One had expected Musharraf to display some strategic sense. Instead, he behaved like a suicide bomber inviting his own political death and the death of democracy in Pakistan. He ordered arrest of hundreds of civilians who had no links to terrorism. He made thereby a bad situation incalculably worse. He had the opportunity to unite civil society for fighting an effective war against terrorism. He could have done this by inviting all the political parties of Pakistan to join a national-consensus government that would oversee the army's war against terrorism. Instead, he isolated himself by opening two hostile fronts.
Now there remains just one slender hope of retrieving the situation. US threats to cut aid have compelled Pakistan to announce elections, as scheduled, in January. According to a newspaper report datelined Pakistan, Benazir was contemplating overtures to Nawaz Sharif as well as participation by other parties in a national-consensus government. Apparently this emerged during her dialogue with Musharraf to revive the collapsed agreement. If these sentiments do survive Pakistan could conceivably surmount the threat of terrorism, and emerge from this crisis with its unity intact.
Even so, the challenges facing it are daunting. To defuse the crisis the government would have to lure the fundamentalists away from the terrorists. Among terrorists, it would have to lure the home-grown Taliban away from Al Qaida, which is committed to global terrorism. For success this would require a peace formula devised jointly by the governments of Pakistan and Afghanistan. It is difficult to conceive of any arrangement ensuring durable peace without providing self-rule and non-interference in the daily lives of the Pashtun community spread across Pakistan and Afghanistan. And one can conceive of only one arrangement that does not alter present international borders: an arrangement that involves formation in South Asia of an EU style union.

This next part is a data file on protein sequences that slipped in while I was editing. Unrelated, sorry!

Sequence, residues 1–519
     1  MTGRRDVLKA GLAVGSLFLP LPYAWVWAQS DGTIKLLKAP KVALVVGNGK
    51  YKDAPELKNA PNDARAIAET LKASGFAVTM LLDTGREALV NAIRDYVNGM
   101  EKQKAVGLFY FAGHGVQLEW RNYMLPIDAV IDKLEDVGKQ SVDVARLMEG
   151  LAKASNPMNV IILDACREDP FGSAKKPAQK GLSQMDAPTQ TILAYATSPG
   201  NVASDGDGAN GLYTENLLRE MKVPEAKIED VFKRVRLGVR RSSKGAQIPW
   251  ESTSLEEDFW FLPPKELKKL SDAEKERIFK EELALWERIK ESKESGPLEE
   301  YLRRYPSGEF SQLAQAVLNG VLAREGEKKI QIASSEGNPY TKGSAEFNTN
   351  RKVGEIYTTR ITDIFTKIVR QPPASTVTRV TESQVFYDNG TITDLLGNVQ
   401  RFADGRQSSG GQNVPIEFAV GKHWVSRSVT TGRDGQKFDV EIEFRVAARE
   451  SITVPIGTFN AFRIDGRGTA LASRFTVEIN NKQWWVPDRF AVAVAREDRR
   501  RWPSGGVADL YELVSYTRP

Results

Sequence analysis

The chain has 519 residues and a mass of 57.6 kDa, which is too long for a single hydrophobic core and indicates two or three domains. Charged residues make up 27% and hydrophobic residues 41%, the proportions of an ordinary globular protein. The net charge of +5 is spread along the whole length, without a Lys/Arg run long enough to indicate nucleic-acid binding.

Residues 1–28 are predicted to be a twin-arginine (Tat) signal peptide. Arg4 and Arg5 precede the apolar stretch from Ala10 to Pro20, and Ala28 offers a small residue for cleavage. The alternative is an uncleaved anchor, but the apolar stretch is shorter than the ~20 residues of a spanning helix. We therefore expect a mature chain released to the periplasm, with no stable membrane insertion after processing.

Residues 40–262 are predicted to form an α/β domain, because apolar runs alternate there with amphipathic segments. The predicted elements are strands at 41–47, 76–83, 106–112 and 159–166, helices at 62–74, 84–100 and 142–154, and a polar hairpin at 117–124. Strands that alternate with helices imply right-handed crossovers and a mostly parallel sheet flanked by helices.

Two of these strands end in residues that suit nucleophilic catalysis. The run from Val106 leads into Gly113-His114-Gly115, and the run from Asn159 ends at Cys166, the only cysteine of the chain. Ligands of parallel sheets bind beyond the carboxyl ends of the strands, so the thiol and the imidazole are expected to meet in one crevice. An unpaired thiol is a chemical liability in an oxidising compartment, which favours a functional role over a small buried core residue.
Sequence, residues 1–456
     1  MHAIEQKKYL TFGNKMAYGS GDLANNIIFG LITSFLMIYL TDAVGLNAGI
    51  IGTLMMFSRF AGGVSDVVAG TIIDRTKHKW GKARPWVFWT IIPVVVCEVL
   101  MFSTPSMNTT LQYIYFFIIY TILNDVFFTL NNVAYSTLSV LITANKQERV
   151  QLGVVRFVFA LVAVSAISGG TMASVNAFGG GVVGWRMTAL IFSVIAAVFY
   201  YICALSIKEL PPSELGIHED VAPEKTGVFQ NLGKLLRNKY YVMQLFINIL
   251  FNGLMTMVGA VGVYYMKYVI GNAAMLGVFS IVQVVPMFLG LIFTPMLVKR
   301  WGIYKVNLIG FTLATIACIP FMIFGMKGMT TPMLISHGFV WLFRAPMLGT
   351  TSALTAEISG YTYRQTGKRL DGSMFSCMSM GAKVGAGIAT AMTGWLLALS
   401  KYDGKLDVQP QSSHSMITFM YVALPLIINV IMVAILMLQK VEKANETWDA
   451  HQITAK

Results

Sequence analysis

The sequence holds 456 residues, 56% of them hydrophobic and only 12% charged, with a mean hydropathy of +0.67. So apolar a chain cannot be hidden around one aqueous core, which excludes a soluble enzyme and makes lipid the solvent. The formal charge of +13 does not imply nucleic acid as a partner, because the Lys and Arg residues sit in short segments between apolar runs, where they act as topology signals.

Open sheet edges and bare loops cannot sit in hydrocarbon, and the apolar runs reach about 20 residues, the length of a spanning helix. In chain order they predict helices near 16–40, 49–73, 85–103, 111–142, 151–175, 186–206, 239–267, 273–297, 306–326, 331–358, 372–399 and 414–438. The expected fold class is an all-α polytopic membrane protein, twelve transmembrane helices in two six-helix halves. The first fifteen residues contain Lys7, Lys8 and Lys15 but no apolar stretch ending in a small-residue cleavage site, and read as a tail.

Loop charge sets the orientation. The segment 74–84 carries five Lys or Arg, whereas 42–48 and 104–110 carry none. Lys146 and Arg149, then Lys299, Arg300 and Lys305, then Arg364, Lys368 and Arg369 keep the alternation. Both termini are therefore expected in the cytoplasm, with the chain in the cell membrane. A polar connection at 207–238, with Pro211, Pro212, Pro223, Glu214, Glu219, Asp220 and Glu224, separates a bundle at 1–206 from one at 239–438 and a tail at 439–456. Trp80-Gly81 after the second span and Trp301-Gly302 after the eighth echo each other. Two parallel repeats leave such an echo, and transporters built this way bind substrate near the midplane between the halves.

India can take the initiative to facilitate such a formation. India for its own security has a huge stake in a stable and democratic Pakistan. The problem of ethnic communities divided by international borders bequeathed by imperialism applies as much to Kashmir as to the Federally Administered Territorial Area (FATA) in Pakistan. An Indian gesture on Kashmir and an initiative to broker agreement between Afghanistan and Pakistan would perhaps be more acceptable than intervention by the US or UK. The threat of terrorism affects India, Pakistan and Afghanistan. The enemy against all three nations is united. Cannot the governments of these nations unite to fight the enemy?
The tide of history renders change inevitable. If governments do not anticipate change, events take over and lead. Events taking over to lead can result in painful confusion and turmoil. The artificially contrived international borders in South Asia defy norms of nationhood. But they are a reality. Equally, the cultural nationalism of South Asia is a reality. Only a South Asian Union on the lines of EU can give expression to this reality without disturbing international borders. One day the nations of South Asia will have to coalesce. Diplomacy might very gainfully be employed for this. It is the destiny of South Asia, the tide of its history.